I was out of the office yesterday which prevented me from doing linkage. And I had to catch up on paperwork today so I’m giving you linkage for the first time during this work week. You’re owed big time so let’s get right to them.
Writing for the Indiana University National Sports Journalism Center, Eric Deggans of the St. Petersburg Times says the Tiger Woods interviews on ESPN and Golf Channel were ways for Team Tiger to show it can still control the media.
The Nielsen ratings Wire blog notes that web talk regarding Tiger Woods is leaning back towards golf instead of his sexual conquests.
Ben Grossman at Broadcasting & Cable reports that MLB Network is pursuing Fox Sports host Chris Rose. I still see Rose as a co-host of Best Damned Sports Show Period and not a serious studio host.
Alex Weprin of B&C looks at the networks and sports leagues trying to follow the success of baseball and college basketball in streaming live games.
Mike Reynolds at Multichannel News explores the increasing amount of high school sports available on local and even national cable TV.
Toni Fitzgerald at Media Life Magazine says while ratings for the NCAA Tournament on CBS are down slightly from last year, online views on March Madness on Demand are way up.
Toni writes that ambush marketers won big at the Winter Olympics in Vancouver last month.
Also from Media Life, Diego Vasquez says minor league hockey is becoming red hot for family entertainment.
Diego also looks at a guerrilla marketing campaign conducted by DirecTV for its NFL Sunday Ticket pay per view package.
Mike Shields at Mediaweek says 6 million people checked out March Madness on Demand for the first four days of the NCAA Tournament.
BusinessWeek picks up an Associated Press story from Tali Arbel which states that March Madness can actually improve office morale and is seen as a positive by company bosses.
Anthony Crupi of Mediaweek writes about ESPN launching a major research viewing initiative regarding this year’s World Cup.
Karlene Lukovitz of Mediapost says Jim Beam will be sponsoring a new ESPN web series starring Scoop Jackson that launches next month.
Jean DePlacido of the Salem (MA) News talks with Comcast SportsNet New England anchor Chris Collins who’s happy to come over from sister network New England Cable News.
Richard Sandomir of the New York Times looks at the contrasting styles of Tiger interviewers Kelly Tilghman and Tom Rinaldi.
Bob Raissman of the New York Daily News spreads hate for an expanded NCAA Tournament by claiming lower ratings for smaller colleges.
Pete Dougherty of the Albany Times Union has the ESPN family of networks’ schedule for the NCAA Men’s Hockey Tournament.
Pete also has the Thursday NCAA Tournament schedule on the local CBS affiliate’s main and secondary channels.
Ken Schott from the Schenectady Gazette also has Friday schedule for the same CBS affiliate.
Keith Groller of the Allentown (PA) Morning Call writes that Lehigh got some nice exposure during its game with Kansas last week.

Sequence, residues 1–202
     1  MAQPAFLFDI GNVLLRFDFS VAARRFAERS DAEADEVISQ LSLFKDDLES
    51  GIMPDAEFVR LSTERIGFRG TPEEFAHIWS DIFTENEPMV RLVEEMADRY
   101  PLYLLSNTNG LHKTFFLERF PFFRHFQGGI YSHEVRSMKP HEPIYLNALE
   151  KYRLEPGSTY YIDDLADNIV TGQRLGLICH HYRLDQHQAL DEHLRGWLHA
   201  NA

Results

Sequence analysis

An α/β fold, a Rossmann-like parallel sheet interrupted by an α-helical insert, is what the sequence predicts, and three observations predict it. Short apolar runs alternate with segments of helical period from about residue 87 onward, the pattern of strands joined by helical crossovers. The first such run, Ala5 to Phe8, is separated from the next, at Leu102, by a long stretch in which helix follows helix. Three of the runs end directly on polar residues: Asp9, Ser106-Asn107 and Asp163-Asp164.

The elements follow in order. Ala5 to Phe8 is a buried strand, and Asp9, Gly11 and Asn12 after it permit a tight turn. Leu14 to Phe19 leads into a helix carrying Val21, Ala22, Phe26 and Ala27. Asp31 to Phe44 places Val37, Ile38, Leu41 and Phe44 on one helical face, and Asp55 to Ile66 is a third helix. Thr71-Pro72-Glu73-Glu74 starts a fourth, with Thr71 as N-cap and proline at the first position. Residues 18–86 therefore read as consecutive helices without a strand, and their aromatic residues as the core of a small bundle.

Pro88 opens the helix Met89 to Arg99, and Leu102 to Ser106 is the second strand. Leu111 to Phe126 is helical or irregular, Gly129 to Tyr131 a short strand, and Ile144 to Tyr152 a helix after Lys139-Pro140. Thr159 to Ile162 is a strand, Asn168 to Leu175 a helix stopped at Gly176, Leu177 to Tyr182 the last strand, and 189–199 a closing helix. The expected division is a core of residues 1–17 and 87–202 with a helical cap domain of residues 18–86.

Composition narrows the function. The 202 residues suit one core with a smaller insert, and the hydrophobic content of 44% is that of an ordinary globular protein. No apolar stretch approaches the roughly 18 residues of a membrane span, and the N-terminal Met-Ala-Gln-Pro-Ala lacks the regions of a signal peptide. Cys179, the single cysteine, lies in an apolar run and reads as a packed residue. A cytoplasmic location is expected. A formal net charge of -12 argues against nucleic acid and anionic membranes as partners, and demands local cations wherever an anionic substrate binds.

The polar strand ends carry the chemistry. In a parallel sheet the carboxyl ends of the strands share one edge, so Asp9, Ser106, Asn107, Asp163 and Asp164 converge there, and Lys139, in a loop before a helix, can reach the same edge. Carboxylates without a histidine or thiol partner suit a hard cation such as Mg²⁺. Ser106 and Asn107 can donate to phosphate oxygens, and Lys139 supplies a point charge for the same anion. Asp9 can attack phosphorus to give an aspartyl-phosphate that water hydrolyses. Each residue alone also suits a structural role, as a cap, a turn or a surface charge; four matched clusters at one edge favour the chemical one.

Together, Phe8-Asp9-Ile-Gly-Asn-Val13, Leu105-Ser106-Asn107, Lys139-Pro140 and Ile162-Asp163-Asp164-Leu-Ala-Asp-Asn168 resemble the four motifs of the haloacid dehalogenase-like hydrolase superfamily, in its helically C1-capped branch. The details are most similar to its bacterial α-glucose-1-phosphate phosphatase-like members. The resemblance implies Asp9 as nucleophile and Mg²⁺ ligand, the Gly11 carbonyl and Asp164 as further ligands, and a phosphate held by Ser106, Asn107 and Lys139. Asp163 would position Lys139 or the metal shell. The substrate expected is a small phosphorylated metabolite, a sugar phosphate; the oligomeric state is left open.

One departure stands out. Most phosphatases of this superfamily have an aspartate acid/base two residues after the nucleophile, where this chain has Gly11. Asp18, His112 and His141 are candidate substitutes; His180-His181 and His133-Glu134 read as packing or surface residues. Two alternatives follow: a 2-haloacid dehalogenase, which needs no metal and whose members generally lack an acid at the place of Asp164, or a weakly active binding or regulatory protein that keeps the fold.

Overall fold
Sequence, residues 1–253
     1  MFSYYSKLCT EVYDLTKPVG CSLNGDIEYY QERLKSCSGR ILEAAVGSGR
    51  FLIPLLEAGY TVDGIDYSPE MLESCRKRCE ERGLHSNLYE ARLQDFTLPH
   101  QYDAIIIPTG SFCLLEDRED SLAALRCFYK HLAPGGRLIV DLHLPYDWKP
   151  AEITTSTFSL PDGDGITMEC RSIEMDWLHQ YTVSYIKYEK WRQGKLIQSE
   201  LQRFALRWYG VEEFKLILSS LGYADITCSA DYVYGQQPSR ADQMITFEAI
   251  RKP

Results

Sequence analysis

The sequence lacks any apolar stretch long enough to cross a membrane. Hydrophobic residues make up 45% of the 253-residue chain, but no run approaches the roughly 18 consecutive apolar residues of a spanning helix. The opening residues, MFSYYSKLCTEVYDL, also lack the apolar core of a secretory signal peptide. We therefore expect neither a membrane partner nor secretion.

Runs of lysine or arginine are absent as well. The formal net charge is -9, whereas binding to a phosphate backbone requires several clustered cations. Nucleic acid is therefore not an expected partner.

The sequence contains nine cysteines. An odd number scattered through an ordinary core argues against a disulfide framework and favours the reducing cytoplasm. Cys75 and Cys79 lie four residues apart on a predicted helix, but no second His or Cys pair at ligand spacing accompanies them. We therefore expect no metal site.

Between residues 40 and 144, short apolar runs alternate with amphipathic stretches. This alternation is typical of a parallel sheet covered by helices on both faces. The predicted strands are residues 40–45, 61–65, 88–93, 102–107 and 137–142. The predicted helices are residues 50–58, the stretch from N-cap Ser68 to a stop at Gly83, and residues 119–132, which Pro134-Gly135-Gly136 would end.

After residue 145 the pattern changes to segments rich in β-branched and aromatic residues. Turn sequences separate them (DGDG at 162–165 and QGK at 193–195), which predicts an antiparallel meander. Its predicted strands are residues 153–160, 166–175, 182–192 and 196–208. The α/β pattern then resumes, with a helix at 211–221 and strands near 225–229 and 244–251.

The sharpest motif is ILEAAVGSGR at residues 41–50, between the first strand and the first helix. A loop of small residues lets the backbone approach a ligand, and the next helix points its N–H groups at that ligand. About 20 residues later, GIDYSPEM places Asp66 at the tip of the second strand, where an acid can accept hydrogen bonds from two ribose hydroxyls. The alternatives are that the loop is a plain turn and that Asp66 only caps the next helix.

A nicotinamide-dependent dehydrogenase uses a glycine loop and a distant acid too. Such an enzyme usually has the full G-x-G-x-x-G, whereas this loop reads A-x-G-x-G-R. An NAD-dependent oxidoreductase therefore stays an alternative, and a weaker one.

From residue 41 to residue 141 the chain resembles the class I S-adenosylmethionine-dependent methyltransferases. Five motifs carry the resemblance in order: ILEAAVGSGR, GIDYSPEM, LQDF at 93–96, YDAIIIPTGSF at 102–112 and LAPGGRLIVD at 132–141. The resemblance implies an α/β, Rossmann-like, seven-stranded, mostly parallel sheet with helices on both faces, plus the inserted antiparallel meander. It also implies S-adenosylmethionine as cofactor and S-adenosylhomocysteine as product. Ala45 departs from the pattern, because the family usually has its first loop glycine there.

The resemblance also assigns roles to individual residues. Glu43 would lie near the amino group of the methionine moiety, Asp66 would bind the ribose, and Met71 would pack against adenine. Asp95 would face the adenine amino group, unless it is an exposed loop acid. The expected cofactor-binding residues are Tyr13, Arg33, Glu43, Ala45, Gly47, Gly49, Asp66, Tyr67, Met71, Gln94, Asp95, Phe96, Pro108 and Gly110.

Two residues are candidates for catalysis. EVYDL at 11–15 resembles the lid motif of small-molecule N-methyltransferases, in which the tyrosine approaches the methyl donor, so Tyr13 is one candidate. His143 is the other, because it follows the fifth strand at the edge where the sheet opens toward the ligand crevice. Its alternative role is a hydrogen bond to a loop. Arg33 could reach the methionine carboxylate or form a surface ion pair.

Laura Nachman wonders who will replace Comcast SportsNet Philadelphia anchor Leslie Gudel.
From the Washington Post, Leonard Shapiro feels Kelly Tilghman should not have been assigned to interview Tiger Woods.
To the Dallas Morning News, Barry Horn has the NCAA Tournament Sweet Sixteen TV schedule for the Metroplex.
Barry also has the local ratings for the NCAA Tournament.
Barry says the Manny Pacquaio-Joshua Clottey fight was a pay per view hit.
David Barron of the Houston Chronicle says Jim Nantz and Clark Kellogg will be in Houston this weekend.
John Fay of the Cincinnati Enquirer says the entire Reds schedule on Fox Sports Ohio will be seen in crystal clear, 21st Century HDTV.
Alan Babbit of the Holland (MI) Sentinel speaks with native Jim Kaat who’s been nominated for a Sports Emmy for his work on the MLB Network.
To the Milwaukee Journal Sentinel where Bob Wolfley says perpetually angry ESPN analyst Doug Gottlieb was critical of Wisconsin coach Bo Ryan.
Kelly Beaton of the Waterloo-Cedar Falls (IA) Courier says Northern Iowa got a lot of national attention on Monday for their upset of Kansas over the weekend.
Vlae Kershner of the San Francisco Chronicle says MLB Network didn’t give much love to the Oakland A’s last night.
Lori Gilbert of the Stockton (CA) Record profiles a Comcast SportsNet Bay Area/California reporter who’s happy to be working close to home.
Paige Dickerson of the Peninsula (WA) Daily News looks at one of the contestants to host a reality show on Comcast SportsNet Northwest.
Chris Zelkovich of the Toronto Star notes that college basketball just doesn’t play in Canada.
William Houston of Truth & Rumours says a new cable TV regulatory decision on distribution fees leaves CBC out in the cold.
Milton Kent of Fanhouse says CBS’ NCAA Tournament studio analysts Greg Anthony and Sports Illustrated’s Seth Davis could not be more enthused about the start to March Madness.
Sports Media Watch says the ratings for the NCAA Tournament are down from last year, but CBS still won each of the four nights the games were on.
SMW says ratings were flat for the PGA Tour’s Transitions Championship on NBC.
And SMW says Sunday’s New York Rangers-Boston Bruins game drew a season low for the NHL on NBC.
Sox & Dawgs has the video of the new ESPN Sunday Night Baseball promo featuring Red Sox pitcher Clay Buchholz and Yankees outfielder Nick Swisher.
Joe Favorito explores the cost of growing a college sports brand.
We’ll end it there. We came back with the links with a vengeance today.